How Should Contested Historical Sites be Presented?

[We’re pleased to welcome author Athinodoros Chronis of California State University, Stanislaus. He recently published an article in Journal of Service Research entitled “The Staging of Contested Servicescapes,” which is currently free to read for a limited time. Below, he reflects on the motivations and influences on this research:]

What motivated you to pursue this research?

For many decades, debates in the United States about the removal of the Confederate flag, monuments, and memorials were both reflective of and constantly feeding major divisions among groups with divergent political views. Noticing similar conflicting perspectives during my fieldwork at Gettysburg National Military Park about the “correct” way in which the painful civil war era should be represented and remembered, inspired and motivated my research into the role that service providers should play in staging contested servicescapes.

In what ways is your research innovative, and how do you think it will impact the field?

Marketing researchers and other scholars have identified and reflected upon a large number of service environments where oppositional interpretations become the basis for contestation and, as a result, create a problem for service organizers on the way in which the site should be presented to the public. While the above scholarship identifies the presence of contestation and the struggle among opposing parties, it does not provide a focused theorization on the way in which service providers understand and work out a solution to place contestation. To this end, the present research is innovative by highlighting the politicized nature of certain servicescapes and paying attention to the performative practices of frontline employees as they guide customers through the servicescape and as they stage the place and its representation in a particular way in order to avoid contestation. The major impact of this study is the provision of a framework that can be used by the management of contested servicescapes to analyze the contestation terrain and evade marketplace controversies that can be detrimental to a positive customer experience. It also provides three groups of strategic practices that help to accomplish this goal.

What is the most important/ influential piece of scholarship you’ve read in the last year

There is a body of literature that is very relevant and influential to my current research. This scholarship is couched in humanist perspectives that highlight the politicized character of certain places and see their construction as a struggle among interest groups. Place is considered a social construction and its emergence is seen as a process through which the material environment is invested with a variety of meanings by different groups or individuals. As a result, place identities can be multiple and the dominant character of place is subject to debate and contestation. Within this unstable terrain, a number of scholars have theorized the production of “official stages” by dominant social forces in order to inculcate particular ideological positions and craft their own version of social reality and place identity (Adams et al. 2001; Ateljevic and Doorne 2002; Bender 1993, 2002; Bosco 2004; Bruce and Creighton 2006; Forest et al. 2004; Frost 2007; Gillen 2014; Goulding and Domic 2009; Hale 2001; Jeong and Santos 2004; Kong and Law 2002; Leitner and Kang 1999; Osborne 1998, 2001; Patil 2011; Sarmento 2009; Stokowski 2002; Tilley 2006; Wight 2016; Worden 1996; Yea 2002; Zhang et al. 2015).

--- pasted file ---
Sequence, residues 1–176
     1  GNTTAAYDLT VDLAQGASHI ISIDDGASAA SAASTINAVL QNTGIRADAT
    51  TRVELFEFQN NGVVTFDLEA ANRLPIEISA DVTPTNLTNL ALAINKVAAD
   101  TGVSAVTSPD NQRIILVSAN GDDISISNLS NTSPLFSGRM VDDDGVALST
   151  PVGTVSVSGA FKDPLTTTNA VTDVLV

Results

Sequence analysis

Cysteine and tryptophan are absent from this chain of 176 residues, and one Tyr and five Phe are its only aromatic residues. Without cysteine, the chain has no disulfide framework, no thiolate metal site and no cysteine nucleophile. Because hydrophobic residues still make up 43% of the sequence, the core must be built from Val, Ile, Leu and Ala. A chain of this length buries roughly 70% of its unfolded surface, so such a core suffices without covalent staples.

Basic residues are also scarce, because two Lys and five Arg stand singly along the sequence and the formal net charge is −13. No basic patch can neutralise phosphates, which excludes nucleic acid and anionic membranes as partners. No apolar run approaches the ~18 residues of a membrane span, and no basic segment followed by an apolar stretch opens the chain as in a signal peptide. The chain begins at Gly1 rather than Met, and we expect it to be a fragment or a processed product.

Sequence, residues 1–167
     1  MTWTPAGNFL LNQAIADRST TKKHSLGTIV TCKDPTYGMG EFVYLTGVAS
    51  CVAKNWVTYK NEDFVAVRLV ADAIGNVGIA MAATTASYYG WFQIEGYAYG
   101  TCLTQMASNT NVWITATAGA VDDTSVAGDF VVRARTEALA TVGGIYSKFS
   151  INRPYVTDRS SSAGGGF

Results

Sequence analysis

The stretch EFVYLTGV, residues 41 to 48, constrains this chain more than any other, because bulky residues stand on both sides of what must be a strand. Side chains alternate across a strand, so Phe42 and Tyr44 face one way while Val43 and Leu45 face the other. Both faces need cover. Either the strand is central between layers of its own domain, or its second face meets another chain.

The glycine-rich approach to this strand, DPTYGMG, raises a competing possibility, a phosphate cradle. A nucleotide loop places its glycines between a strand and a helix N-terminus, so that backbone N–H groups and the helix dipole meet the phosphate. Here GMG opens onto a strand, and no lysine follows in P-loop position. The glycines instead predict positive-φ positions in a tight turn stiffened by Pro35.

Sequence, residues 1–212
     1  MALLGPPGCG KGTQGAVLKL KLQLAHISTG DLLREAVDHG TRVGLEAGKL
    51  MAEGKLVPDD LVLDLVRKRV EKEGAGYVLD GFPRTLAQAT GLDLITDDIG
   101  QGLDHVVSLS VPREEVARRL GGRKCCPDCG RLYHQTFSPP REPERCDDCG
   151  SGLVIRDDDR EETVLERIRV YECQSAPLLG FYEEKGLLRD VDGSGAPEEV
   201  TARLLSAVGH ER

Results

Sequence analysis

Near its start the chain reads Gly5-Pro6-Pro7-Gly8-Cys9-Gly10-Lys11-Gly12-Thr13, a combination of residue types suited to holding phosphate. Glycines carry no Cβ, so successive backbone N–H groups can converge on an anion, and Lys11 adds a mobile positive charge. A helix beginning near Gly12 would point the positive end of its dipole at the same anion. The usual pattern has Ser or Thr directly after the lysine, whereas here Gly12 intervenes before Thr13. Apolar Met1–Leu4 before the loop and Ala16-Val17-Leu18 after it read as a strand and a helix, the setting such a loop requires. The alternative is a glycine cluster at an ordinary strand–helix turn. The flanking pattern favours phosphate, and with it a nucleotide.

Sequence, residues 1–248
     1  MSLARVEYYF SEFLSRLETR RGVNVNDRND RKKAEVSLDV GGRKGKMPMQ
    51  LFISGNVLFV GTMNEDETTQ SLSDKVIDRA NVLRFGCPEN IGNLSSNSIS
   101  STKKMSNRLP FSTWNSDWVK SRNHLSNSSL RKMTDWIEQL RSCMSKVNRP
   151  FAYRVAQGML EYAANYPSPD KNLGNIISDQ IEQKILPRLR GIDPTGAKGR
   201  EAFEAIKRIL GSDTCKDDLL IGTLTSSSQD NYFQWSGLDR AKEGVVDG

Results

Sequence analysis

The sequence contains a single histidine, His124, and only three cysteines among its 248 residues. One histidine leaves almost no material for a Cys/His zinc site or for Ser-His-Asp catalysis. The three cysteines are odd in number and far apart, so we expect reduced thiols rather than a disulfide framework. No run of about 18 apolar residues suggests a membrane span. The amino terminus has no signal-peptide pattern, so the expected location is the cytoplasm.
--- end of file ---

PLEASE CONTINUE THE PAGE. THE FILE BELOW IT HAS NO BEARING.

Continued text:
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Macromarketing Roundtable Commentary

Alan Bradshaw, University of London, and Mark Tadajewski, University of Strathclyde, published “Macromarketing Roundtable Commentary–The Export of Marketing Education” on September 20th, 2011 in the Journal of Macromarketing’s OnlineFirst collection. Dr. Bradshaw kindly provided the following commentary on the article.

In the UK it is increasingly common for postgraduate students of marketing to be recruited from across the globe, and in particular from notionally “developing” economies such as India and China. This practice raises questions across a variety of issues; it can smuggle discourses of subalternaity into the classroom, it can construct marketing education as an agent of globalisation, it can undermine commitments to maintaining criticality in our subject areas, it can result in all manners of pedagogical challenges, it can raise huge amounts of money for universities and re-constitute marketing education as an object for export. To my mind, these are issues that get to the heart of marketing education in an age of ever-increasing commercialisation of universities and general neo-liberalism.

To explore the phenomenon, myself and Mark invited a group of inter-disciplinary scholars for a roundtable discussion in Royal Holloway, University of London. We asked the participants to construct short statements outlining their positions and together they form, I hope readers will agree, a series of fascinating accounts and analyses about marketing education not just as a subject for teaching and learning, but also as a product for export at a time of globalisation, neo-liberalism and political-economic transformations.

We hope that this commentary will be of interest to anybody who teaches or learns marketing as well as a broader audience who are interested in political economy, globalisation and the role of the university

To view other articles in the OnlineFirst collection, please click here. For more information about the Journal of Macromarketing, please follow this link.

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